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Toni Lynn FARRIS, Appellant, v. CITY OF LOUISVILLE; Hon. R. Scott Borders; Administrative Law Judge; and Workers' Compensation Board, Appellees.
Toni Lynn Farris petitions for our review of an opinion of the Workers' Compensation Board (Board) affirming an order of an administrative law judge (ALJ) denying Farris's motion to reopen her claim for benefits. We vacate and remand.
Farris was employed by the City of Louisville as a “tipper” on a garbage truck. On April 11, 2000, during the course of her employment, she injured her back while lifting a heavy garbage can. Her injury was a disk herniation at L4-5. Her claim for workers' compensation benefits was held in abeyance until after she had surgery.
On August 30, 2002, an ALJ approved a settlement of Farris's claim with the City. The settlement agreement indicated the assessment of a 13% impairment rating by Dr. Ricky Collis and a 10-13% impairment rating by Dr. Gregory Gleis. The settlement was for temporary total disability (TTD) benefits already paid and a lump sum payment of $60,000 based on the 13% impairment rating.
The settlement agreement provided that it was a compromised settlement and that the parties recognized Farris was being paid significantly more than the 13% impairment rating called for. Farris, who had claimed permanent, total disability, was not working at the time of the settlement and has not returned to work since.
Farris filed a motion to reopen her claim on March 28, 2005. She stated in her motion that since the time of her low back injury, she has been diagnosed with “chronic pain syndrome”, secondary to her original low back injury. She attached her affidavit to the motion, stating that she was no longer able to engage in any type of work activity and was now totally disabled.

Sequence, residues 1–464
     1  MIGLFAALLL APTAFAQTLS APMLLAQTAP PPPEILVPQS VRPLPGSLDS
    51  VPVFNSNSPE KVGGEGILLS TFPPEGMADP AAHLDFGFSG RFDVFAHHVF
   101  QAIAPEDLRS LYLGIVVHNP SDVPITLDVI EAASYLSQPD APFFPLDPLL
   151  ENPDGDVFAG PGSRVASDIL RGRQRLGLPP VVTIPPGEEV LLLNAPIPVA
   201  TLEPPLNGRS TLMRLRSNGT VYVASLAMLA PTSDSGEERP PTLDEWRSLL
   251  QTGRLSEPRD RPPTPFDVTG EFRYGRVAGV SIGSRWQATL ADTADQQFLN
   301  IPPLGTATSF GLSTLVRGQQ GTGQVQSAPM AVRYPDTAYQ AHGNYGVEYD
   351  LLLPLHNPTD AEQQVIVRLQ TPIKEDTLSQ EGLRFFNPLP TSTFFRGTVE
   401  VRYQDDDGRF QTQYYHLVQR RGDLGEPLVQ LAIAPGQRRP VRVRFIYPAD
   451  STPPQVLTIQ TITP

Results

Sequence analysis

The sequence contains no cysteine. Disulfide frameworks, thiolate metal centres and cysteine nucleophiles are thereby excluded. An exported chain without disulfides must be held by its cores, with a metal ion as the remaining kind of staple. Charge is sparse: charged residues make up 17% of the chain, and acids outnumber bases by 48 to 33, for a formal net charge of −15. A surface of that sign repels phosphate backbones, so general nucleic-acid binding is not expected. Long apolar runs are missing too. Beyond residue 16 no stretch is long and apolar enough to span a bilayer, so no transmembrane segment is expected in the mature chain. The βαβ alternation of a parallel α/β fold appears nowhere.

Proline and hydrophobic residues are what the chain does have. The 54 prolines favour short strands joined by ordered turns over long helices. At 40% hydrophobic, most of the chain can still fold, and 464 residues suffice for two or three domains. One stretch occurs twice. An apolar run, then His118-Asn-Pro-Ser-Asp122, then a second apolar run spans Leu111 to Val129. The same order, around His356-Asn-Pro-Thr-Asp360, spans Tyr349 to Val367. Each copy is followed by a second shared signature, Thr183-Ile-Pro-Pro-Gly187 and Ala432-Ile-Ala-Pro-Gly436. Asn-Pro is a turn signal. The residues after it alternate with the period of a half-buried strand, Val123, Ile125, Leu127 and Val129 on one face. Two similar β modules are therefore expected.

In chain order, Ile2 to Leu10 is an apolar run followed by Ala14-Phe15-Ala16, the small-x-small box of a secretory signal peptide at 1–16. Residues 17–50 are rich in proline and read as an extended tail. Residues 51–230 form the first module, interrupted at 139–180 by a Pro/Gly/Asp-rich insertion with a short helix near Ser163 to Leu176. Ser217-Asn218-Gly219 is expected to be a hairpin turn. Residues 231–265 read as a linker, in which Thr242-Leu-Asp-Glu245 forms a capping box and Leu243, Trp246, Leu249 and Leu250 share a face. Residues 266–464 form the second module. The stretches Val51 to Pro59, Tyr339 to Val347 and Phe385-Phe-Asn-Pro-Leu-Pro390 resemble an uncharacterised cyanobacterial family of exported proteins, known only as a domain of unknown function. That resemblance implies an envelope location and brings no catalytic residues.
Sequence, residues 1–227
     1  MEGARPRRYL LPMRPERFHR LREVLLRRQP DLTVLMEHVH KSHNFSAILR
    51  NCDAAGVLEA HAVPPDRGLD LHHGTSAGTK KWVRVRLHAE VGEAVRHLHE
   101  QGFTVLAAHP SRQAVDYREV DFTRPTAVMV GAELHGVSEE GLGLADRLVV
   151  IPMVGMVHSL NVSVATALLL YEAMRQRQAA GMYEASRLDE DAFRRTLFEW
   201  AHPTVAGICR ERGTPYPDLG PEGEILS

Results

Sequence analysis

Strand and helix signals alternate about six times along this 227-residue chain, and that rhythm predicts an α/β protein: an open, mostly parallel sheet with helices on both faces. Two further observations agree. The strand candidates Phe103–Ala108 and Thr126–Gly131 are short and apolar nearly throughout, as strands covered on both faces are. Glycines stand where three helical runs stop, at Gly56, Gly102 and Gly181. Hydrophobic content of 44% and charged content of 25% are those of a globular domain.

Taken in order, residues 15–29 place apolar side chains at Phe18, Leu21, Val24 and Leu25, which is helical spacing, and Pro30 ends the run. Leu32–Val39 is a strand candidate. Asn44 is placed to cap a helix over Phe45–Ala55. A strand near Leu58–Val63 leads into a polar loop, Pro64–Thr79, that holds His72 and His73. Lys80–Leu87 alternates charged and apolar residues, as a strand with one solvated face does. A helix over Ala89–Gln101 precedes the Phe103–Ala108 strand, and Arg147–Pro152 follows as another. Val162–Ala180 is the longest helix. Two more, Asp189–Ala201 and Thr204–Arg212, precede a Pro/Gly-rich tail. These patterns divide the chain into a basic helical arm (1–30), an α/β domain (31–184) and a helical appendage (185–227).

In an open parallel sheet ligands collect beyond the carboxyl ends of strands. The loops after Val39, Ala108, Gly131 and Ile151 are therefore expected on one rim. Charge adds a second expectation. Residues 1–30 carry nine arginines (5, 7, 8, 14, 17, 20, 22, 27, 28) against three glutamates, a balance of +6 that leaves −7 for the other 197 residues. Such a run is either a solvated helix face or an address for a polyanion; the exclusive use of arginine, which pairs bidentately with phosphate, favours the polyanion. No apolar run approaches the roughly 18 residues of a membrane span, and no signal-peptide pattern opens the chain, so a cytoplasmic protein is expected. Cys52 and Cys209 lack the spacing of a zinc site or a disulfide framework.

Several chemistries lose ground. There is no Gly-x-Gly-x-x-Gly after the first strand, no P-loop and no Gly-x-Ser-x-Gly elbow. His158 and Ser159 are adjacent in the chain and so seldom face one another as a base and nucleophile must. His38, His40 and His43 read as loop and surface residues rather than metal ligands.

She also attached a medical report from Dr. Robert Keisler, an orthopedic surgeon, indicating Farris suffered from chronic pain syndrome and that it was “quite disabling.” Additionally, Farris attached a favorable decision from the Social Security Administration awarding her disability benefits.
The City filed a response to Farris's motion, arguing that there was no evidence attached to the motion that indicated Farris had a different impairment rating than that assessed at the time of the settlement. The City also noted that Farris had claimed total occupational disability at the time the claim was settled and that she never returned to work after her initial injury.
In a one-page order, the ALJ denied Farris's motion to reopen. The ALJ stated that the motion “failed to establish a prima facie [case] for worsening of condition/increase in occupational disability.” After Farris unsuccessfully petitioned the ALJ to reconsider his ruling, she appealed to the Board.